Life After a Stroke


May is National Stroke Awareness Month, a time of the year when we reflect on the progress we've made in stroke prevention and recovery, and look for ways to continue improving stroke response in the future. Every 40 seconds, someone in the U.S. experiences a stroke, which is the third-leading cause of death in the country behind heart disease and cancer.

The good news is that the death rate for stroke has fallen significantly in recent years. The bad news is that approximately 7 million stroke survivors are living with the after-effects of a "brain attack," which can include pain, emotional disturbances, problems with thinking and comprehension, problems with memory and even paralysis. A stroke affects more than your mind and body though, often wreaking havoc on your finances as well.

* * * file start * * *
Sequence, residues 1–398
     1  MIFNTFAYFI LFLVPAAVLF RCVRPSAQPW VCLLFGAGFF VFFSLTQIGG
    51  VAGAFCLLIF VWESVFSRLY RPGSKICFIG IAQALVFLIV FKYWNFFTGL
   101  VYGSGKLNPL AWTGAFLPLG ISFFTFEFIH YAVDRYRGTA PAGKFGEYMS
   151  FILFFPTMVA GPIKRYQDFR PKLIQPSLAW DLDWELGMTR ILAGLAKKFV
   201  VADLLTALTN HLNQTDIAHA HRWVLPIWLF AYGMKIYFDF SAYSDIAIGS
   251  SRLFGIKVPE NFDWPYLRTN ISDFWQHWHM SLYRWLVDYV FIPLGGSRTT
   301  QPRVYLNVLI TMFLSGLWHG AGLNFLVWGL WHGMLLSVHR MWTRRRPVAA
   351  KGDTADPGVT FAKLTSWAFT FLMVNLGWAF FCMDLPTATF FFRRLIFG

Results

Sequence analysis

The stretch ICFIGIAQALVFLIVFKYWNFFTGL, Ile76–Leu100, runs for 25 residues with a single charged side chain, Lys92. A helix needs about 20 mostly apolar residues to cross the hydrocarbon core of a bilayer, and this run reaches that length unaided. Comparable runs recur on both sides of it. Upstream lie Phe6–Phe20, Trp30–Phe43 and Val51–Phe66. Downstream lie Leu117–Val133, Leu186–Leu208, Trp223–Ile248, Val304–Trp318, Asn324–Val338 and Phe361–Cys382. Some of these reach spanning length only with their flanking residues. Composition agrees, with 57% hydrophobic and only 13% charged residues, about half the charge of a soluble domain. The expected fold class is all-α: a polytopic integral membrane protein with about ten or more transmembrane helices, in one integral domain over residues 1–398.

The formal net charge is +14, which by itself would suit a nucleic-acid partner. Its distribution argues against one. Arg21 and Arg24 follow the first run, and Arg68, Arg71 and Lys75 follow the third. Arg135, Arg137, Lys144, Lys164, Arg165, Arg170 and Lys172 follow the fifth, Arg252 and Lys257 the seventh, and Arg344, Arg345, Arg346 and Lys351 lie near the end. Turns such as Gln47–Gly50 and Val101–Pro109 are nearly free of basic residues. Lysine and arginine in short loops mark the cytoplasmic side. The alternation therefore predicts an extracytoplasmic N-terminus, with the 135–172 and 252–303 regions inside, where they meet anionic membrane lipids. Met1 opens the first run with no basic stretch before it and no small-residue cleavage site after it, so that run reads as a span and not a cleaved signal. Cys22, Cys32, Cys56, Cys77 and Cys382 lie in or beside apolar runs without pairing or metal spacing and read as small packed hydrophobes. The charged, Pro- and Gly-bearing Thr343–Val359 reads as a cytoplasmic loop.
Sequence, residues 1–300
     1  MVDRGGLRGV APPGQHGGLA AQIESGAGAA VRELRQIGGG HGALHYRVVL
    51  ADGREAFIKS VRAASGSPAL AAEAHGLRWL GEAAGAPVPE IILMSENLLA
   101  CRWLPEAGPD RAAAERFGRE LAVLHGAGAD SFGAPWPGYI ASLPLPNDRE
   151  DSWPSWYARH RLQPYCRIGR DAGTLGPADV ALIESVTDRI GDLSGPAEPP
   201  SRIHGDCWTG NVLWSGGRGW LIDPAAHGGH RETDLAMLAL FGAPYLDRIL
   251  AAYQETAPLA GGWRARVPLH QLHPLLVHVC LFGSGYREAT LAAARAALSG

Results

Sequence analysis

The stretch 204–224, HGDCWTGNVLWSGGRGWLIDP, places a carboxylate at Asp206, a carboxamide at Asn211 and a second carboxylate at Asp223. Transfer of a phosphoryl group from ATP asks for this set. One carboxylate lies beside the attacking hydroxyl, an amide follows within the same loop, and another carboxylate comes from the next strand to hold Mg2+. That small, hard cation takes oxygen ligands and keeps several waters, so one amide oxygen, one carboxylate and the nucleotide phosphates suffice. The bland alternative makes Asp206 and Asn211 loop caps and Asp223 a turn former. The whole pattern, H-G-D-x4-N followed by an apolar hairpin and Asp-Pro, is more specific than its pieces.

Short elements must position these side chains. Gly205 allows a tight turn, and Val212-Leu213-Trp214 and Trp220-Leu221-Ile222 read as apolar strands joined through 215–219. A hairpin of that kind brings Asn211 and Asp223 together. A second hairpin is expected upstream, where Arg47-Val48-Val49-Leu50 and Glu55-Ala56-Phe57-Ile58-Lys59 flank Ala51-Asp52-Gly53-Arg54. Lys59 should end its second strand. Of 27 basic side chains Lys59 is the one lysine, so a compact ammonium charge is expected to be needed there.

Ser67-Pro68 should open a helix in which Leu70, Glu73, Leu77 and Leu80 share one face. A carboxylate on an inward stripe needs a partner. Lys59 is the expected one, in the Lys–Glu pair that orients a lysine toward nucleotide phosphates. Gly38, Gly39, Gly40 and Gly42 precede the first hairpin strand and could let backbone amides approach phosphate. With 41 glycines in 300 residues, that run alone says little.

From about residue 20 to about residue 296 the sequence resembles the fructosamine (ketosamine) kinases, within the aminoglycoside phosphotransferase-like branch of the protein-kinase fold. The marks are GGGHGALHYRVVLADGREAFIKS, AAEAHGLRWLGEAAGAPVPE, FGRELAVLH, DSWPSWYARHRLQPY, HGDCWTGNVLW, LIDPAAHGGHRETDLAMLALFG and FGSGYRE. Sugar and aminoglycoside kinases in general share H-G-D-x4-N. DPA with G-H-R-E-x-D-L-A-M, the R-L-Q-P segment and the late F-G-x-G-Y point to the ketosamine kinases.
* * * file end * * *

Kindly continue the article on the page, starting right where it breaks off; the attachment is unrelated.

Just as your body needs care and rehabilitation, your finances also need tending as you adjust to a loss of income and increased healthcare costs. National Stroke Association recommends that survivors and their caregivers look into a number of support options following a stroke, including the Social Security Disability Insurance (SSDI) program. If you have worked and paid FICA taxes, you have paid for this insurance and have the option to claim your SSDI benefits.

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National Stroke Association’s mission is to reduce the incidence and impact of stroke by developing compelling education and programs focused on prevention, treatment, rehabilitation and support for all impacted by stroke.